Keyword: Obesity
Link ID: 24534 - Posted: 01.17.2018

Nicola Davis Obese patients undergoing stomach-shrinking surgery have half the risk of death in the years that follow compared with those tackling their weight through diet and behaviour alone, new research suggests. Experts say obesity surgery is cost-effective, leads to substantial weight loss and can help tackle type 2 diabetes. But surgeons say not enough of the stomach-shrinking surgeries are carried out in the UK, with figures currently lagging behind other European countries, including France and Belgium – despite the latter having a smaller population. “We don’t think this [new study] alone is sufficient to conclude that obese patients should push for bariatric surgery, but this additional information certainly seems to provide additional support,” said Philip Greenland, co-author of the latest study from Northwestern University. In the new study, one of several on obesity surgery published in the Journal of the American Medical Association, researchers sought to explore whether stomach-shrinking operations, known as bariatric surgery, had a long-term impact on the risk of death among obese individuals, compared with non-surgical approaches to weight loss. In total, more than 33,500 participants were involved in the study – 8,385 of whom had one of three types of bariatric surgery between 2005 and 2014. The majority of participants had a BMI greater than 35; obesity is defined as a BMI of 30 or higher. © 2018 Guardian News and Media Limited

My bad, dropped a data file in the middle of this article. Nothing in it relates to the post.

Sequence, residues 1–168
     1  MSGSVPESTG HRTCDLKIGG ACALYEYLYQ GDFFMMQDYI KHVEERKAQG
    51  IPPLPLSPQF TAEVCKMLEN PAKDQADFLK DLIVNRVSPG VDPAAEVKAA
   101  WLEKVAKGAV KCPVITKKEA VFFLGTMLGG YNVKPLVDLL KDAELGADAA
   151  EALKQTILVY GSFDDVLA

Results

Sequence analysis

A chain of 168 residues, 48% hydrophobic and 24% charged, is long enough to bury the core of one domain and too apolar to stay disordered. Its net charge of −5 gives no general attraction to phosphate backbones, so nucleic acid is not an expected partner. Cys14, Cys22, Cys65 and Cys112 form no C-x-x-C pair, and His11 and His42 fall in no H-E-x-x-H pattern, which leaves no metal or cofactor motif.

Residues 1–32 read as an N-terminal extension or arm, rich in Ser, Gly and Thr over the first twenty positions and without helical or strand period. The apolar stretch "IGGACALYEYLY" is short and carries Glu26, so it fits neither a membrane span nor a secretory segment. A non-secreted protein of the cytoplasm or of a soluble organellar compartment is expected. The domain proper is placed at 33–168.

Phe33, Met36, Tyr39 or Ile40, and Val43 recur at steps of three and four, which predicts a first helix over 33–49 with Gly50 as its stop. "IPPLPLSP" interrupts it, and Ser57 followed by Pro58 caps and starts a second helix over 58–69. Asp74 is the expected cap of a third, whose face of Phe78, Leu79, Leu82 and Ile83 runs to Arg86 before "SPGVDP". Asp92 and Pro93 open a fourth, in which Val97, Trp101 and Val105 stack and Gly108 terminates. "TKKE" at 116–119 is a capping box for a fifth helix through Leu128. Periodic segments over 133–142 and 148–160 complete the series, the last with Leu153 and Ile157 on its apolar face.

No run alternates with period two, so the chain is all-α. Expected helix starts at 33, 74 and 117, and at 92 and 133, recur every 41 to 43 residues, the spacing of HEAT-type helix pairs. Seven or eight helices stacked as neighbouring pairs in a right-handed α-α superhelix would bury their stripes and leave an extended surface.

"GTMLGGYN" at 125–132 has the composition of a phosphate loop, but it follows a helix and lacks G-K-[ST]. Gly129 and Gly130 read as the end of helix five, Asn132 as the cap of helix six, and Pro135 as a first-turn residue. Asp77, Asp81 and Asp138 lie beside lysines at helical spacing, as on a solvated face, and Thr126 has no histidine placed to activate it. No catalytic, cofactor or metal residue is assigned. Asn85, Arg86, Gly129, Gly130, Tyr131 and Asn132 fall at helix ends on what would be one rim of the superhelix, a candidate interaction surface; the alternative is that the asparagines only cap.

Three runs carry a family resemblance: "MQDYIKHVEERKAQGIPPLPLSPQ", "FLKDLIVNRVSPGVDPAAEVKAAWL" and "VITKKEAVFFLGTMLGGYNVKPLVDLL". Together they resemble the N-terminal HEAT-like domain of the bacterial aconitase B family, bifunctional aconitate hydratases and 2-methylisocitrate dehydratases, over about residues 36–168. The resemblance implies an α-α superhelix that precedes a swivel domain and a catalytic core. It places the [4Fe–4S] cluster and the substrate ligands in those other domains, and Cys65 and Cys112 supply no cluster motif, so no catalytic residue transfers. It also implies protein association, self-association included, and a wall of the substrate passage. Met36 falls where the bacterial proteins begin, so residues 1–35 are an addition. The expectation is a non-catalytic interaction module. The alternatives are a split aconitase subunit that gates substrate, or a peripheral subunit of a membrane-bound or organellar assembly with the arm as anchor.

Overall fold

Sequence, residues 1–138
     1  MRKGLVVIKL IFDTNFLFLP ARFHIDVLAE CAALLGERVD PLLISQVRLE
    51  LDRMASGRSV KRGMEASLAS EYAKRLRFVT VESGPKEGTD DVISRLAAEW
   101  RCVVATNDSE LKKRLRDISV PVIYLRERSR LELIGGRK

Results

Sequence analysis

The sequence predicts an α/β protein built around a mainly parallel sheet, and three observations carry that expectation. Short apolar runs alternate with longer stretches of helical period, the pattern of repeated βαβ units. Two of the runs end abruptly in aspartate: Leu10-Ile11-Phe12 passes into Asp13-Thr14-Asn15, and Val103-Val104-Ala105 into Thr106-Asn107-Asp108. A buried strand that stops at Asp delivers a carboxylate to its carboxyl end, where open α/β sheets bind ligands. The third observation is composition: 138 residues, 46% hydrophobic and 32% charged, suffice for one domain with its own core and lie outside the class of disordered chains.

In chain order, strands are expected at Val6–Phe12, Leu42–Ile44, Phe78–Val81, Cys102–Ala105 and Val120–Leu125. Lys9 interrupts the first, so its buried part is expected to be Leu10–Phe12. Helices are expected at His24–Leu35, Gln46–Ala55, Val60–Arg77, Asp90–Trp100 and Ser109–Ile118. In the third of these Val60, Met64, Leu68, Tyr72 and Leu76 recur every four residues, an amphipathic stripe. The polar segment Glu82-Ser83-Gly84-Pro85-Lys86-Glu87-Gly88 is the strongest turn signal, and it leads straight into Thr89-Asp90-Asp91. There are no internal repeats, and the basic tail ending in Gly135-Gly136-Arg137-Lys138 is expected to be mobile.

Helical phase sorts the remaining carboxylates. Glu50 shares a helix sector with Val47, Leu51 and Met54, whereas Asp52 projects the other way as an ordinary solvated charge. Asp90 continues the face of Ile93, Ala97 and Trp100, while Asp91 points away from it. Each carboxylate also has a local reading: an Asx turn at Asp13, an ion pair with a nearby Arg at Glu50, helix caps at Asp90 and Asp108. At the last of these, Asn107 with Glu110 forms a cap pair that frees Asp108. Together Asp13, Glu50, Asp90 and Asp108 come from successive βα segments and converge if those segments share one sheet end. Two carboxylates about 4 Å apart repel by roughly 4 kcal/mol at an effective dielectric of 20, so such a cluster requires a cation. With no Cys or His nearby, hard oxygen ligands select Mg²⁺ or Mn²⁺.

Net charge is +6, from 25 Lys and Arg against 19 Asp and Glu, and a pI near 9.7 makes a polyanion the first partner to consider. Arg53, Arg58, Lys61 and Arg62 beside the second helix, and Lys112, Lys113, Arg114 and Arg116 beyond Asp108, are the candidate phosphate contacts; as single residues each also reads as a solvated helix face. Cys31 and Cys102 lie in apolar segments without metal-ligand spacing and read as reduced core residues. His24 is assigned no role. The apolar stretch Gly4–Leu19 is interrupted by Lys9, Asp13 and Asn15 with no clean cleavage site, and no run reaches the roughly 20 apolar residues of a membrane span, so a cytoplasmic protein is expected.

Keyword: Obesity
Link ID: 24533 - Posted: 01.17.2018